Stakeholders make arguments on water flow issue

stanislaus river
OID General Manager Steve Knell on the banks of the Stanislaus River.

STOCKTON — Hundreds of people turned out in Stockton, Modesto, Merced and Sacramento for public hearings with the State Water Quality Board in December and January to speak out on plans to increase water flows in three of the region’s rivers.

Most, but not all, argued the state’s plan would deny too much water to agriculture and cities in the Central Valley.

Board Chair Felicia Marcus explained the purpose of the hearings was to give stakeholders in the region a chance to be heard and to minimize misunderstandings.

“These issues are hard enough to deal with without misinformation, either imagined or real,” she said.

The State Water Quality Board has been studying the ecosystem of the San Joaquin River and its tributaries as they flow to the Delta. It says flow objectives on the San Joaquin River have not been updated since 1995, and that the Bay Delta ecosystem is in a state of crisis.

Over the past two decades, it says, salmon and steelhead, including those that spawn and rear in the San Joaquin’s tributaries and migrate through the Delta to the Pacific Ocean, have steeply declined. It says studies point to flow as a major factor in the well-being of the fish.

To remedy the situation, the board has issued a substitute environmental document, or SED, in which it describes a multi-phase plan to reduce salinity in the Delta. Its first phase calls for increasing flows from the Stanislaus, Merced and Tuolumne river between 30 and 50 percent every February. It has suggested 40 percent as a starting point.

Almost everyone who spoke at the hearings opposed the plans but for myriad different reasons.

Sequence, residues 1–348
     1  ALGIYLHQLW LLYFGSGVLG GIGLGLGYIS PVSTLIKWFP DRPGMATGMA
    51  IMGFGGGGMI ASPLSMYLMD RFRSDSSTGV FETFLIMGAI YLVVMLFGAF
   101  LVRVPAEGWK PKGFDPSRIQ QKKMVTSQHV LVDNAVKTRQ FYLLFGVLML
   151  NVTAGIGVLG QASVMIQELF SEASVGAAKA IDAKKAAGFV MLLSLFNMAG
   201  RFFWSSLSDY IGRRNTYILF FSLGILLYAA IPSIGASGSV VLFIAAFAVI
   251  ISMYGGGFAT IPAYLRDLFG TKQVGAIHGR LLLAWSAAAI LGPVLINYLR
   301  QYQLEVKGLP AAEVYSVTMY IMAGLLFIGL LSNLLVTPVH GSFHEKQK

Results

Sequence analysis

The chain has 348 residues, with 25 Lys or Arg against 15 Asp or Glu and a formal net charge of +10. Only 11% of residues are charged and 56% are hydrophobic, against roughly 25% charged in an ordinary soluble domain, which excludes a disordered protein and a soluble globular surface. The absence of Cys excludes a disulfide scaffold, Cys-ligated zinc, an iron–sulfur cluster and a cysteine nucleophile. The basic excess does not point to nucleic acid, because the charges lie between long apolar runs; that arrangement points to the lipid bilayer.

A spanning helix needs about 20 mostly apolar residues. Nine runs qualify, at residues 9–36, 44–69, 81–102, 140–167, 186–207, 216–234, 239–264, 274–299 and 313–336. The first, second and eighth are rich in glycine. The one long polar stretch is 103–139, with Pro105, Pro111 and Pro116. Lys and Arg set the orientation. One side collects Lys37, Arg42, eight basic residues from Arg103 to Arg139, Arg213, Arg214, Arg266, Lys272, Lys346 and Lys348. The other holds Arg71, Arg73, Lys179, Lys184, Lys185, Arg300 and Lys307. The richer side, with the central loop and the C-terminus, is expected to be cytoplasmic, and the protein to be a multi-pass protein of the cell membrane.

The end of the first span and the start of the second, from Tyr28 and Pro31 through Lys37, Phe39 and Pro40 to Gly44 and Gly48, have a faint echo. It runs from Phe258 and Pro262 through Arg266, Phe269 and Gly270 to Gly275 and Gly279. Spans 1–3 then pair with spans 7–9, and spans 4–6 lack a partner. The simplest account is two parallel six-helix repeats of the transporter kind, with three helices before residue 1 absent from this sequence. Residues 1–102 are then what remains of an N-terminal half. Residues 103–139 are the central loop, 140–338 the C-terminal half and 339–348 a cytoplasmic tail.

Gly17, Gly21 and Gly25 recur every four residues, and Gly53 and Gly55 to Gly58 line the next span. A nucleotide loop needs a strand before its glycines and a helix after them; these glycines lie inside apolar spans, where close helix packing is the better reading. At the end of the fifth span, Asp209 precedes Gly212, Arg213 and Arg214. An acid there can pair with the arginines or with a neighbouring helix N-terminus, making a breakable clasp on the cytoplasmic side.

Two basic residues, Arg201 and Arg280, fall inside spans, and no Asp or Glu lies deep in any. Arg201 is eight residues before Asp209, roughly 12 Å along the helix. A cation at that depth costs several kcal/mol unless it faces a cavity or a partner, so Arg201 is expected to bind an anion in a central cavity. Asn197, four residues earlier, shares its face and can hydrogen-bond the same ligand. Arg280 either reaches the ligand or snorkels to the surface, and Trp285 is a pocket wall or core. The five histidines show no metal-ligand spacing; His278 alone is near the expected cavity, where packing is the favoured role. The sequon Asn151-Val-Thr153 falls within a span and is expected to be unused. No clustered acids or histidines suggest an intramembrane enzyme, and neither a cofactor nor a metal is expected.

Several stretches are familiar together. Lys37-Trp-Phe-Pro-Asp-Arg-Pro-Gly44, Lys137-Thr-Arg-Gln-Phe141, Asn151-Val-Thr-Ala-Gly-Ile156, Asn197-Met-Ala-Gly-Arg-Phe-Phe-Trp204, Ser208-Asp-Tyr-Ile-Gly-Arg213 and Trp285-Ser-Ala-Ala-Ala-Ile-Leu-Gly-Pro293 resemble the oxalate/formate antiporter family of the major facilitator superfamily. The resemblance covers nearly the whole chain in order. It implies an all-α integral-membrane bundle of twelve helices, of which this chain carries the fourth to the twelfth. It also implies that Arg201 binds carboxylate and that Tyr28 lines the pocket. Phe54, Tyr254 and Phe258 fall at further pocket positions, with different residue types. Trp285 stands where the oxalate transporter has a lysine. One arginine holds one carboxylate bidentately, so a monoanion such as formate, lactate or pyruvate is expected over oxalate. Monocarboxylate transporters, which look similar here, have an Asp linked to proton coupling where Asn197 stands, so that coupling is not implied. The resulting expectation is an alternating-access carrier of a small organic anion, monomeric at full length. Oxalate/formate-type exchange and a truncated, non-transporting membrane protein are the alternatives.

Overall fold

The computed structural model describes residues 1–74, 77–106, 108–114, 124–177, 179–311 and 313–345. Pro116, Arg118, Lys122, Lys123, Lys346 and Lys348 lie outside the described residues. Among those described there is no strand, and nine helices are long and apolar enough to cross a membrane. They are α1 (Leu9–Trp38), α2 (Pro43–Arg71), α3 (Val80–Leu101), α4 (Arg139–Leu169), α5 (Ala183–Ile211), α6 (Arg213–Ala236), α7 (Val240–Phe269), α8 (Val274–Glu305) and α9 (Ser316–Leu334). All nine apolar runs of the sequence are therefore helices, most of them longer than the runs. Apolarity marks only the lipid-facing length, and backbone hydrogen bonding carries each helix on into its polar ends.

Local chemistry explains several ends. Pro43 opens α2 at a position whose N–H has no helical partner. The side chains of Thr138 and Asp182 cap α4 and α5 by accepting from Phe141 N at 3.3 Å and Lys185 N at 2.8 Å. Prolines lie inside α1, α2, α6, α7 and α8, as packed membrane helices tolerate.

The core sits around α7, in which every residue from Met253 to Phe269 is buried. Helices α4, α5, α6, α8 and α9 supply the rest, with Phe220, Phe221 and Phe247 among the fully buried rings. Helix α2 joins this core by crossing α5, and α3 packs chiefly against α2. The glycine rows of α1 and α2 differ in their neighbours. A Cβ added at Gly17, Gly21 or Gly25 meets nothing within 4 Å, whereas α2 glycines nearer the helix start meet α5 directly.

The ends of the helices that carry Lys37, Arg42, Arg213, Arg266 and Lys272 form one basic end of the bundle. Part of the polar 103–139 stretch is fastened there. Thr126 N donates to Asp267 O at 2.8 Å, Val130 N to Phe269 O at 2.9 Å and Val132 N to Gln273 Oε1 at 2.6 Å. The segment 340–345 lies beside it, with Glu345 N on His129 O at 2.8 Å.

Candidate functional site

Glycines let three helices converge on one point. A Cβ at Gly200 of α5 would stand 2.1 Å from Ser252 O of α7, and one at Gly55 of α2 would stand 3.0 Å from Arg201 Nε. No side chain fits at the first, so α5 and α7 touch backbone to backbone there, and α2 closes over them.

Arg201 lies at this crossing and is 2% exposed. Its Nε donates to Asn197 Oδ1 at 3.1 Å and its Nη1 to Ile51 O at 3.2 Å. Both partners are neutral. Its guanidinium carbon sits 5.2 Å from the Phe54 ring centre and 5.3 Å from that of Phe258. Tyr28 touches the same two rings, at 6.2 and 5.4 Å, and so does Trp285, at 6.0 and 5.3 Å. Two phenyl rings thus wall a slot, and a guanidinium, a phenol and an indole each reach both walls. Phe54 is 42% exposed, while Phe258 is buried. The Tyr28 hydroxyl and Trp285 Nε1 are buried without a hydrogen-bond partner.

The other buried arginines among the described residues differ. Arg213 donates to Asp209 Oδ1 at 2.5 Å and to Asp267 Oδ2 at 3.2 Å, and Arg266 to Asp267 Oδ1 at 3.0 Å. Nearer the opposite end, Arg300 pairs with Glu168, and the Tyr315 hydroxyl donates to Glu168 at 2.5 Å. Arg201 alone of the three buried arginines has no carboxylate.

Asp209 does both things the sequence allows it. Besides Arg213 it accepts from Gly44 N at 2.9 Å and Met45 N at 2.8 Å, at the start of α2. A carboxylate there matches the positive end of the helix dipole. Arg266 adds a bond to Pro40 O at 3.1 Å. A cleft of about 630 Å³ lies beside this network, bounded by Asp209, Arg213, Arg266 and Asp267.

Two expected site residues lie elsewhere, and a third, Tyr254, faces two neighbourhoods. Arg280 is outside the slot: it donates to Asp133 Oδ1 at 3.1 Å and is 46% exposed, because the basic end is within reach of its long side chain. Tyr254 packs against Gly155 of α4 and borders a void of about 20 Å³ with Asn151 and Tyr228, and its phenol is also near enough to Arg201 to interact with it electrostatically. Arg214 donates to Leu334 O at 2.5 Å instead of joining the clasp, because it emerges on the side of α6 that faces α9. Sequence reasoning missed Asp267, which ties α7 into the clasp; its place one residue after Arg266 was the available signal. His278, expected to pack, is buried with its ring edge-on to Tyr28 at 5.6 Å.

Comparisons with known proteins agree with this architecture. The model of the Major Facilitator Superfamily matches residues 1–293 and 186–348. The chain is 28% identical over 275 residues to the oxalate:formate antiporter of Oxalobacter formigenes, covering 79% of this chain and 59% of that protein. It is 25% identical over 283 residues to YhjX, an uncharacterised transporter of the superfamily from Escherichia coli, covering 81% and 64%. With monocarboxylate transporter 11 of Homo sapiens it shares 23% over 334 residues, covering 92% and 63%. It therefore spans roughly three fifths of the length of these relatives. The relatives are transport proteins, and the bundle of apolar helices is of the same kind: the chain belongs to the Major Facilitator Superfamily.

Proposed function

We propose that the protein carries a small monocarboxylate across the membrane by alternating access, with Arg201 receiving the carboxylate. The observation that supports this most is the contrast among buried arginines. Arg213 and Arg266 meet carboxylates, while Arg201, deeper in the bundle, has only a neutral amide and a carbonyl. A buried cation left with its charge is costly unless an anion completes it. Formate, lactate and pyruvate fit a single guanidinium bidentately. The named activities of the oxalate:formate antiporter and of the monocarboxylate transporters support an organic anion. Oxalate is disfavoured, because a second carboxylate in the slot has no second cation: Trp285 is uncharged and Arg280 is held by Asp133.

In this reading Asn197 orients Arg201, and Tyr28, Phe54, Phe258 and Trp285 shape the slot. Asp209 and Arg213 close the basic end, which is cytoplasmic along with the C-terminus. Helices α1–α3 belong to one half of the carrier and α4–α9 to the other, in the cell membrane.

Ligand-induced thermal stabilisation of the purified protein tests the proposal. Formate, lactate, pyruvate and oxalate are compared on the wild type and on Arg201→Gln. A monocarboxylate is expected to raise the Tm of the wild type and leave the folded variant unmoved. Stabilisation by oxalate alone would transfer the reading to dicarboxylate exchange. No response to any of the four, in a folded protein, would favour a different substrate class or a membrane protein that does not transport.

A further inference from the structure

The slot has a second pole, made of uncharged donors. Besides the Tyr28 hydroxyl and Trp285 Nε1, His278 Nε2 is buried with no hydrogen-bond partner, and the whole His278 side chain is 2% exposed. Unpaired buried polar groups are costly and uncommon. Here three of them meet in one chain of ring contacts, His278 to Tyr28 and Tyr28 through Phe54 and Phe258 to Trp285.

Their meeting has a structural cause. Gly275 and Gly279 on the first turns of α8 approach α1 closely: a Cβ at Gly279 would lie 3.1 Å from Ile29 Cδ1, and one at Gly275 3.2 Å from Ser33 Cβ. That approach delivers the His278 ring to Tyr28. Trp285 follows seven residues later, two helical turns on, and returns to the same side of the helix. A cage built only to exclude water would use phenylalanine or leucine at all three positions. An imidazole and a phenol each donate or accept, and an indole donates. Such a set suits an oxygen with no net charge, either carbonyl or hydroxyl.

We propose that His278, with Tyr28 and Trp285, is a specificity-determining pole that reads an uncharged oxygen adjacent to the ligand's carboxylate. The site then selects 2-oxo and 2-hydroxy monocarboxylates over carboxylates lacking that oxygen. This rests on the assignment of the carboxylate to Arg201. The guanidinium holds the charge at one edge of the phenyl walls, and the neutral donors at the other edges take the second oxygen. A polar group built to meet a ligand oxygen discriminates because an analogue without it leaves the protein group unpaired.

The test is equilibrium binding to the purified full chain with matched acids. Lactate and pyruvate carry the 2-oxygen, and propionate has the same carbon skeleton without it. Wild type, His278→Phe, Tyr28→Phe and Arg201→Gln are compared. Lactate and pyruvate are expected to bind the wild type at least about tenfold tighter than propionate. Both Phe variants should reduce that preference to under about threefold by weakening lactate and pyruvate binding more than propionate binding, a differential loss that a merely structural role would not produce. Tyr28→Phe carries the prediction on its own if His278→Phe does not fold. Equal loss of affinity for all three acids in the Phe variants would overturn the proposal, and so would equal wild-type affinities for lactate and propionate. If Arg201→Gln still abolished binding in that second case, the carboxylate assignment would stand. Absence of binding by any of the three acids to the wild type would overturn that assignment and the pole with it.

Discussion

Those representing agricultural interests said increasing river flows would cut farmers’ allocation of surface water by 14 percent, which would cause economic harm to growers who are already hard hit by the drought.

San Joaquin County Supervisor Kathy Miller spoke at the Stockton hearing at Civic Auditorium and said the county finds itself caught between two state-mandated water goals: one to increase the health of the Delta ecosystem and the other to recharge the area’s depleted groundwater supply. The issue is further complicated, Miller said, by the state’s plan to export water out of the Delta.

“The SED fails to actively analyze all the impacts and unfairly burdens the San Joaquin region rather than focus on water exports that cause the greatest harm to fish,” Miller said.

San Joaquin County District Attorney Tori Verber Salazar made an emotional plea to state leaders not to make the Stockton area’s economic troubles worse.

“Water is life,” she said, adding that increasing flows could harm the area’s farmers and businesses, which would hurt the economy and, in turn, drive up crime.

Environmental groups and some Bay Area interests, on the other hand, argued 40 unimpaired flow wouldn’t be enough to rehabilitate the salmon.

Lea Castleberry, the deputy chief of staff for the Contra Costa Board of Supervisors, for example, argued that a 40 percent flow increase would not be enough to help fish restoration and called for flow adjustments to start at 50 percent.

Oakdale Irrigation District General Manager Steve Knell said the plan appears to be an effort to get more freshwater into the Delta at the same time the state is planning to use tunnels to pump water out of the Delta to the southern part of the state.

He and South San Joaquin Irrigation District General Manager Peter Rietkerk made a presentation at the Stockton hearing demonstrating their belief that the state’s averages supporting flow increases hide the impacts the districts would suffer in times of drought.

They said that storage in New Melones Reservoir would go to zero in 13 of 90 years modeled by the state with unimpaired flows.

“It makes you wonder if the end game of water conservation is to take the water away from us,” Rietkerk said.

Both OID and Modesto Irrigation District argue that flow is not the only factor in bringing back fish populations.

OID spent $2 million digging a deeper channel near Honolulu Bar east of Oakdale to create friendlier salmon habitat, a solution Knell said required no alteration of river flow.

MID has said reducing predators, such as striped bass, would be as effective at increasing salmon population.

The hearings began Nov. 29 in Sacramento. One more is scheduled for Sacramento, Jan. 3. The public comment period was supposed to end Jan. 17, but it has been extended to March 17.

The State Water Quality Board is expected to issue a decision in July.



Please enter your comment!
Please enter your name here